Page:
Movement of the aircraft tugs 30A may be controlled directly through the aircraft flight controls 28 such as the rudder pedal system 28A and the throttle quadrant 28B which communicate through the remote control source 20. Since multi-engine aircraft include a multiple of throttles, operation of particular throttles, for example, the throttle associated with the port engine may be operable to control the aircraft tug 30A connected to the port main gear assembly 18B while the throttle associated with the starboard engine may be operable to control the aircraft tug 30A connected to the starboard main gear assembly 18B. Such an arrangement facilitates intuitive aircrew control similar to that utilized when the aircraft is taxied under engine power.

Alternatively or in addition thereto, the remote control source 20 provides aircraft tug control independent of the aircraft flight controls 28. The remote control source 20, in one non-limiting embodiment, may be a control panel within the cockpit.

Referring to FIG. 2, the aircraft tug 30A generally includes the power source 32 and the control module 34 within a chassis 36 which rides upon an undercarriage 38. The chassis 36 may be a relatively low slung arrangement to readily fit underneath the aircraft 10. It should be understood that various shapes of chassis may alternatively be provided. The undercarriage 38 may include at least one set of steerable wheels 40 and one set of driven wheels 42 powered by the power source 32.

A tow bar 44 extends from the chassis 36 to engage the respective main gear assemblies 18B. The tow bar 44 includes a first arm 46A and a second arm 46B with a drive drum 48 therebetween. The first arm 46A and the second arm 46B may be spaced a fixed distance apart to receive the main gear wheels 18W therebetween. Alternatively, the first arm 46A is movable relative to the second arm 46B such that the tow bar 44 is engageable with various gear systems 18.

The first arm 46A and the second arm 46B in the disclosed non-limiting embodiment each include a first arm section 50A and a second arm section 50B, the second arm section 50B angled relative to the first arm section 50A at an obtuse angle (FIG. 4). The first arm section 50A may be generally parallel to ground with the second arm section 50B angled toward the ground. The second arm section 50B on either or both the first arm 46A and the second arm 46B includes an engagement system 52 operable to engage the main gear assembly 18B. The engagement system 52 selectively engages and disengages with the respective main gear assembly 18B generally around the landing gear tires 18T. The engagement system 52 may selectively engage and disengage with a hollowed end section of an axle 18WA or other portion of the main gear assembly 18B. The engagement system 52 may be of various forms, such as a link, connector, clevis or other attachment. Such an arrangement may be advantageous for main gear assemblies with single or double wheels typical of relatively smaller aircraft.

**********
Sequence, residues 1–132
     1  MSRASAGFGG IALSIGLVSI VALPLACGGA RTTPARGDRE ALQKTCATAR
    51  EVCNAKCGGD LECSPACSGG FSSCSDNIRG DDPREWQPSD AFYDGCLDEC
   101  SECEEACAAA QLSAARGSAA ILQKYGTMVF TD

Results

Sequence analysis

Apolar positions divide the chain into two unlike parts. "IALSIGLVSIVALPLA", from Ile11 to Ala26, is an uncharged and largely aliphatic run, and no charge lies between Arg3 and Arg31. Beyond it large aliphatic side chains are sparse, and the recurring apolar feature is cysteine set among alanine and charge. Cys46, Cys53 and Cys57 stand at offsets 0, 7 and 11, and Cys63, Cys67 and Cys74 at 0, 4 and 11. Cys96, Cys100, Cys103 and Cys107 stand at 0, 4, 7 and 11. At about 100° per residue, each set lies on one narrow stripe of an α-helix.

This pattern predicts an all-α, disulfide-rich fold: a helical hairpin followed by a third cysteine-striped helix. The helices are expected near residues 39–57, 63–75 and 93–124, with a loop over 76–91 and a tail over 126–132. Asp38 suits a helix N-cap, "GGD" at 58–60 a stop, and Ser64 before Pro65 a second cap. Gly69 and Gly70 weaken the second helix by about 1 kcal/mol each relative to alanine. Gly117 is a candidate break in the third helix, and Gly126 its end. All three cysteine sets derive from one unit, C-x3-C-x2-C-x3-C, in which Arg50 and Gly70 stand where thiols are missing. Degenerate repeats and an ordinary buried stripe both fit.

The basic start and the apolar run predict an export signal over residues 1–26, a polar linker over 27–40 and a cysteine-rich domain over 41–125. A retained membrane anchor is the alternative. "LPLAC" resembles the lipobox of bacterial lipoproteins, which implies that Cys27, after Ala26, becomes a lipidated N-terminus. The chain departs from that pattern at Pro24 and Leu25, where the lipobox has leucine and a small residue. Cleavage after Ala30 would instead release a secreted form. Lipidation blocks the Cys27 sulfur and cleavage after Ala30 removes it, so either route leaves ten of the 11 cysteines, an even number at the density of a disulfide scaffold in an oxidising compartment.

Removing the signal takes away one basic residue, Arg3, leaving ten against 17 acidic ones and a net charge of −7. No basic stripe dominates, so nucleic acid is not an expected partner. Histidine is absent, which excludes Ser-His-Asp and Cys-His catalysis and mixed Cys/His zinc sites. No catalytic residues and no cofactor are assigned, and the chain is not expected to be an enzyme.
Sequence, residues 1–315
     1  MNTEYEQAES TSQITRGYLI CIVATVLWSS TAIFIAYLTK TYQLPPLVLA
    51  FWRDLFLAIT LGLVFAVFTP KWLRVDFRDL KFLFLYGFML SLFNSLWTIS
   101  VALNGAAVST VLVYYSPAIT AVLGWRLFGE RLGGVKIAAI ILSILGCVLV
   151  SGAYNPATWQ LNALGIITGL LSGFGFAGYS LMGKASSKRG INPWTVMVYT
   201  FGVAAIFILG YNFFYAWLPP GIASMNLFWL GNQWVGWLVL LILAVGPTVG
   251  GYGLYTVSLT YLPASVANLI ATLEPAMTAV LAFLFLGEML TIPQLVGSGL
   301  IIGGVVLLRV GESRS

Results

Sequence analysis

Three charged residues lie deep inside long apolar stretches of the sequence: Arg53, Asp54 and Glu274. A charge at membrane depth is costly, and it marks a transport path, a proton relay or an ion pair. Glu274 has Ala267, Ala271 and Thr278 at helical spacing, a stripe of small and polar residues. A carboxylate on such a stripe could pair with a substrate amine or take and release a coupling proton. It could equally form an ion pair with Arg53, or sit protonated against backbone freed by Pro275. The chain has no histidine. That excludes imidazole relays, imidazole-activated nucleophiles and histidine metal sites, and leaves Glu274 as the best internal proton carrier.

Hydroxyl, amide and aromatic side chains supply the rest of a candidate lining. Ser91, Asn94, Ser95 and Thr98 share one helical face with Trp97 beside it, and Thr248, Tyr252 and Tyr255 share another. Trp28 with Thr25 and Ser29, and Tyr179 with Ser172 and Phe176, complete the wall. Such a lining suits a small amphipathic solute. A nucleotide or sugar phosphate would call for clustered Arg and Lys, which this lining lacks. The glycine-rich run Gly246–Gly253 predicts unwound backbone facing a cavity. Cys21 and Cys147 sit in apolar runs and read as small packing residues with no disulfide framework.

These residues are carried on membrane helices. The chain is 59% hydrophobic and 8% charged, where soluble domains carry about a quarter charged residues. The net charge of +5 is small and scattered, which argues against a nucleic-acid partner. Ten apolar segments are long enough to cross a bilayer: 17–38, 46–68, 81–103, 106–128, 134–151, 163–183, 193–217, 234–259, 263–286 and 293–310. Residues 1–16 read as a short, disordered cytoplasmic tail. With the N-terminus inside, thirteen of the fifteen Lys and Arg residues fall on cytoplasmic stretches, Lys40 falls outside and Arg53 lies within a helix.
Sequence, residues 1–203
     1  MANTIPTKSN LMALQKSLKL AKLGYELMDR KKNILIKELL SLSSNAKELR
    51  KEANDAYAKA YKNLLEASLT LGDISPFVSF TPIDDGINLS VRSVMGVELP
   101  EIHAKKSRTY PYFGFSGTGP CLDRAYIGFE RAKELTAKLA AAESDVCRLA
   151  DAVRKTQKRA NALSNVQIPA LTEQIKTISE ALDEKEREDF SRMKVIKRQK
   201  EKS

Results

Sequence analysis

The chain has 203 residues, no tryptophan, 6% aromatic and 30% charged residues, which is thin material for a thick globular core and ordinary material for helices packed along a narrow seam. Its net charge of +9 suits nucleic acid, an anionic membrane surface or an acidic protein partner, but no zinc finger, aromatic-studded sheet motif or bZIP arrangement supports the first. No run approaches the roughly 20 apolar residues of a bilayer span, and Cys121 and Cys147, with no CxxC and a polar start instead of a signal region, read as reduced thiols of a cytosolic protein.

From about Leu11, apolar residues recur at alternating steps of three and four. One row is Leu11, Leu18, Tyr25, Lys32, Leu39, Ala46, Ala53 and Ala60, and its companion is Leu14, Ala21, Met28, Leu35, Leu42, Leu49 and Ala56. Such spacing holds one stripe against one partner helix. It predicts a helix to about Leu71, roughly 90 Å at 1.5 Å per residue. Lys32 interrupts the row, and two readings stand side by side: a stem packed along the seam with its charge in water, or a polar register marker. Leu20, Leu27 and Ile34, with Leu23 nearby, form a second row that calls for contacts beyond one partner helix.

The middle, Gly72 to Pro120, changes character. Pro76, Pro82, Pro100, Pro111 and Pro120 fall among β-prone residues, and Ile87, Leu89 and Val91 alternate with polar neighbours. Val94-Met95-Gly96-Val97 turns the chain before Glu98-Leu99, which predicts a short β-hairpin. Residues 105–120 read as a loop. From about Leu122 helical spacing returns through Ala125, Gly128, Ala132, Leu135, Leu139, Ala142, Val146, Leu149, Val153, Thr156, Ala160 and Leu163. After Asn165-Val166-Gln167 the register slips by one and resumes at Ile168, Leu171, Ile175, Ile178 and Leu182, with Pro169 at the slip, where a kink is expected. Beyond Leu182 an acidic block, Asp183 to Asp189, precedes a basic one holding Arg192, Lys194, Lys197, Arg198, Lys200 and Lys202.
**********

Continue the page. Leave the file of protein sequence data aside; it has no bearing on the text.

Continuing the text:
The drive drum 48 is powered by the power source 32 to rotate about an axis of rotation D. When the engagement system 52 is engaged with the main gear assembly 18B, the drive drum 48 is operable to transfer rotation to the main gear tires 18T of the main gear wheels 18W and thereby move the aircraft 10. The drive drum 48 may include a resilient material such as rubber or a machined surface such as serrations or knurling so as to provide significant traction to the main gear tires 18T without damage thereto.

Whereas the tow bar 44 is attached to the main gear assembly 18B, the motive force may alternatively or additionally be communicated directly through the drive drum 48. The steerable wheels 40 and the driven wheels 42 permit controlled independent movement of the aircraft tug 30A when not attached to the main gear assemblies 18B. When attached to the main gear assembly 18B, the drive drum 48 may alternatively or additionally be rotated to rotate the main gear tires 18T and thus move the aircraft 10. The extended tow bar 44 and chassis 36 readily operate as a counterbalance for power transfer to the drive drum 48.

Referring to FIG. 5, an alternative non-limiting embodiment the aircraft tug 30 includes a tow bar 44′ with a drive drum 48′ which extends from at least one side. In this non-limiting embodiment, the tow bar 44′ include an engagement system 52′ operable to engage the respective main gear assembly 18B. The engagement system 52′ selectively engages and disengages with the main gear assembly 18B generally between the landing gear tires 18T (also illustrated in FIG. 6). The engagement system 52′ may selectively engage and disengage with a landing gear component 18S such as a strut, bogie beam or other portion of the main gear assembly 18B. Such an arrangement may be advantageous for main gear assemblies with a multiple of wheels typical of larger aircraft.